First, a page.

Image credit: Hulu
A few weeks ago, before Episode VII was released, we talked about how similar it might look to the first Star Wars Movie (Episode IV). You can read everything about it here. It turns out the similarities were even stronger than we expected. For some fans that is a positive aspect of the movie. J. J. Abrams succeded in bringing the franchise home. For others, Episode VII lacks originality. No matter what we think, it is always important to listen to the father of Star Wars: George Lucas himslef. He explains his feelings on the new episode of the Star Wars franchise in a hour-long interview with Charlie Rose. This article provides a summary of the interview and a link to the video interview.
For George Lucas the difference between his vision and J. J. Abrams' is that Abrams wanted to do something for the fans while Lucas wanted to tell a story of generations. For him Star Wars is (was) a family soap opera (in space) and not really about spaceships. Disney didn't agree with George's ideas, so he decided to leave them alone. He describes this as dealing with a "relationship breakup."
Lucas sees himself as a visionary (and I think we can all agree on that). And for him, this new Star Wars episode doesn't have a bit of innovation, there isn't anything really new, and it is too "retro" (not in a good way). He also said "Every movie, I work very hard to make them different... I make them completely different, with different planets and different spaceships, to make it new." With The Force Awakens this wasn't done at all.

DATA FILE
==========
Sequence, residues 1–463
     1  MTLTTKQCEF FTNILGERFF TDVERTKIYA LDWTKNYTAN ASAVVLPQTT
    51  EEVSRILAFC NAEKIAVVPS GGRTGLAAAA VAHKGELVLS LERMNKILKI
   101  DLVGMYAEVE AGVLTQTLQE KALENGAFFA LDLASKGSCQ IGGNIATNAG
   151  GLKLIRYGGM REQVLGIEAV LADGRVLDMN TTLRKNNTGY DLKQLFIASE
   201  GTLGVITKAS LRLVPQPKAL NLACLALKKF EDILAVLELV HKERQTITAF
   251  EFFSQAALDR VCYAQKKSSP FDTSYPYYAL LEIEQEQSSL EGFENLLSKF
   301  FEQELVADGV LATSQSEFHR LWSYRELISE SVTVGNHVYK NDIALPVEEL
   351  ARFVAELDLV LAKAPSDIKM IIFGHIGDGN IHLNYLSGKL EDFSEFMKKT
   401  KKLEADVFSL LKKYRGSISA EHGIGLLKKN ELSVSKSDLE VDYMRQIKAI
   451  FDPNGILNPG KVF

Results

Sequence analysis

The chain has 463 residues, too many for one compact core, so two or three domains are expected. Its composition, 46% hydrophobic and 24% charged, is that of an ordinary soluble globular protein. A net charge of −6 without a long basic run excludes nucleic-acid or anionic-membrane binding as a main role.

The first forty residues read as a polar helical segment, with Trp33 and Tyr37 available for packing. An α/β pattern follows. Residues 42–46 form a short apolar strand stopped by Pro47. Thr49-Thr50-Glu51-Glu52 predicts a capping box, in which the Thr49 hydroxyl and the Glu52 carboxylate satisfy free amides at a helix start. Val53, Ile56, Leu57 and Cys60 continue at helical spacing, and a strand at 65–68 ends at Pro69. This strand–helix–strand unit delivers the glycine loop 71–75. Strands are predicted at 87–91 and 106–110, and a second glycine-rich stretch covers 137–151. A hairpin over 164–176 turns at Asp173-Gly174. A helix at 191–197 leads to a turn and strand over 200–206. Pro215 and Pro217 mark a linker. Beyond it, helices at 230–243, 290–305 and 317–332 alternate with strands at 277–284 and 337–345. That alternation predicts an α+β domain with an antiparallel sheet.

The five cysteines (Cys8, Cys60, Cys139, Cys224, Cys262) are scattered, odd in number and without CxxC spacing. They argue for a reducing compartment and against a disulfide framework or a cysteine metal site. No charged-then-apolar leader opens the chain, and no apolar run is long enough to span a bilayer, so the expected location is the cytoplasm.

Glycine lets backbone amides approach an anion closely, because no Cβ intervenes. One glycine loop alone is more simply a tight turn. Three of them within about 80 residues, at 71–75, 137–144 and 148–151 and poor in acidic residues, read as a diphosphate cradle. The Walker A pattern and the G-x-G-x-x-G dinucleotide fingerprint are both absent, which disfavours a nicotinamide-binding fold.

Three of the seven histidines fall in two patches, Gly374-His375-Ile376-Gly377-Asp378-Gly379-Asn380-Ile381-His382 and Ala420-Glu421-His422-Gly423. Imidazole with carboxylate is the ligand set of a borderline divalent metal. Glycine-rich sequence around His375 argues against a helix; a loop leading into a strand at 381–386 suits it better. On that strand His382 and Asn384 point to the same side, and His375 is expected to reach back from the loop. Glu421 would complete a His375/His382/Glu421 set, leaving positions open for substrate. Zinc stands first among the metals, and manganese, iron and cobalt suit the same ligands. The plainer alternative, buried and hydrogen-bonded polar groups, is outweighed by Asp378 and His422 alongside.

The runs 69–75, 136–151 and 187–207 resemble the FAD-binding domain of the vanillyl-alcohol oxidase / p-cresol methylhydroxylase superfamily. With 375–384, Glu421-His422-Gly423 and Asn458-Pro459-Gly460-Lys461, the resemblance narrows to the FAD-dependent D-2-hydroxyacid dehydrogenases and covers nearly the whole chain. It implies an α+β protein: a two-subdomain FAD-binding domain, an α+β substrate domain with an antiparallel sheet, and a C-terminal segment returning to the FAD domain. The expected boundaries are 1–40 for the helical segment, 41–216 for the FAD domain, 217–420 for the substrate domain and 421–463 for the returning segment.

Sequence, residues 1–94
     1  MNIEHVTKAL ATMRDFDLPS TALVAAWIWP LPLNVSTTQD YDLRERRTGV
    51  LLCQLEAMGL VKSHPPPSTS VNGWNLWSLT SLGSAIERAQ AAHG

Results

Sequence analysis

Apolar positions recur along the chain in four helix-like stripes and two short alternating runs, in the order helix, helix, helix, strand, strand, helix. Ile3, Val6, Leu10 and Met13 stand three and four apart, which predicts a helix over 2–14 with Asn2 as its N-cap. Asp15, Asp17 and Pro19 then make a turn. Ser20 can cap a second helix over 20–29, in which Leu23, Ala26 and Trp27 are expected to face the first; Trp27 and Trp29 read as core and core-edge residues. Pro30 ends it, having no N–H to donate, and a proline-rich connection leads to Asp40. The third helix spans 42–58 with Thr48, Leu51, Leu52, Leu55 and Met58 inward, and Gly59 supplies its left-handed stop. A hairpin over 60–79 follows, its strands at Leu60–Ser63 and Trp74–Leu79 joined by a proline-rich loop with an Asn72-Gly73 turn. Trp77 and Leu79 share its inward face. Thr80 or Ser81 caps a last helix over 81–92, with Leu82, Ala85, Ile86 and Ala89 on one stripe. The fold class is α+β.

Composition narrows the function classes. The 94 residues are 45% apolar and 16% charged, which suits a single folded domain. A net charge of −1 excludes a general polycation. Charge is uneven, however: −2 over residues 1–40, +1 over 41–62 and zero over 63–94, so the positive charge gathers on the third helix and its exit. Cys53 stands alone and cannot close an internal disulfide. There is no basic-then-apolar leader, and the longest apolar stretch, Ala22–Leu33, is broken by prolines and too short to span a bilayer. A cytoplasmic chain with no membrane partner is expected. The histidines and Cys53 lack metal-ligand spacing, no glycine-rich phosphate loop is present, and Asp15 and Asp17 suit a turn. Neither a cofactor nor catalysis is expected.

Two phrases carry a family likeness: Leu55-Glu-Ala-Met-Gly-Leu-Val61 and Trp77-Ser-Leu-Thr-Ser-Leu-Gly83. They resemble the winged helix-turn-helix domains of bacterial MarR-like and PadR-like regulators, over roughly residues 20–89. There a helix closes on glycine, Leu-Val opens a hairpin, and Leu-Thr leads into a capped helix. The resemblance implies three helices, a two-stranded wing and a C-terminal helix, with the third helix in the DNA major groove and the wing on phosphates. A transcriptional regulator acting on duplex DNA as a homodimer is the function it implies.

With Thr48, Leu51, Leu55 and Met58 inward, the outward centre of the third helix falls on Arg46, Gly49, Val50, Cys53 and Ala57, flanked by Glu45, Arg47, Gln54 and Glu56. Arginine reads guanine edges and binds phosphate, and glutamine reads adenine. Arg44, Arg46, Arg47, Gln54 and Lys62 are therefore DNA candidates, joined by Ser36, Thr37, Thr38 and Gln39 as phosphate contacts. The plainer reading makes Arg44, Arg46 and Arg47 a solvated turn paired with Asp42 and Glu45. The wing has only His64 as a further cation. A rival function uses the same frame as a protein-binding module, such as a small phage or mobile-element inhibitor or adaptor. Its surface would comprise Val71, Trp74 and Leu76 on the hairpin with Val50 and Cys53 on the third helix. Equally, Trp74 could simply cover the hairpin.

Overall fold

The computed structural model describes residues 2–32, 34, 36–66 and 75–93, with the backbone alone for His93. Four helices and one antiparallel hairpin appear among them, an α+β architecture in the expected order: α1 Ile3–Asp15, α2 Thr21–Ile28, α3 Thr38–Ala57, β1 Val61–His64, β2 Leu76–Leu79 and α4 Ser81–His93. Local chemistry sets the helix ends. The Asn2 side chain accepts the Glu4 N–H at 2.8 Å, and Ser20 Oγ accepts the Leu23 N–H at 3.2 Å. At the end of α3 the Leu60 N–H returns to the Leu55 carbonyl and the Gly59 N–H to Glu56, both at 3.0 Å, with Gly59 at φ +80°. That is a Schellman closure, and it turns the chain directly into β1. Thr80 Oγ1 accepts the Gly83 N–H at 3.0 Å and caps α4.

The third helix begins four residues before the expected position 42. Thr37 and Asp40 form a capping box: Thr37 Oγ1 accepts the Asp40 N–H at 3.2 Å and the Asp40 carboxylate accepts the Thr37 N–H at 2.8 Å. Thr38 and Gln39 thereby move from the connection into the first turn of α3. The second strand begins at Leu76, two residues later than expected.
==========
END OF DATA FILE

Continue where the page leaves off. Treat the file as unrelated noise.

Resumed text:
Lucas not only talks about Star Wars during the interview, he also talks about his relationship with Steven Spielberg, his family, his life achievements, Indiana Jones, American Graffiti, among other subjects. It is very interesting to see his points of view on all these subjects, especially The Force Awakens. Fans were probably waiting for his seal of approval, but I think he is clearly separating two eras for the franchise: before and after George Lucas. If we have to do that differentiation, I would prefer to do it by trilogies, since the prequels, although original ideas, lack the quality in characters, and even plot, of the original trilogy.
Lucas also says that the film industry nowadays suffers from lack of imagination, and fear of creativity, not like it was when he created Star Wars. For him the film industry is all about money now, something he doesn't like. He is now experimenting with new movies (that we will probably never see) using the money he got from selling his beloved franchise (aside from working on a science fiction museum), a group of six movies that he calls "his kids" that, in his words, he "sold...to white slavers."
As a side note, it is interesting to hear the father of the biggest science fiction franchise saying that when he started, he wanted to be more like the Michael Moore of his time, making documentaries, creating trouble. But thanks to Francis Ford Coppola, who challenged him to create something more fun and less "artsy," he ended up creating Star Wars.
You can watch the video below or following this link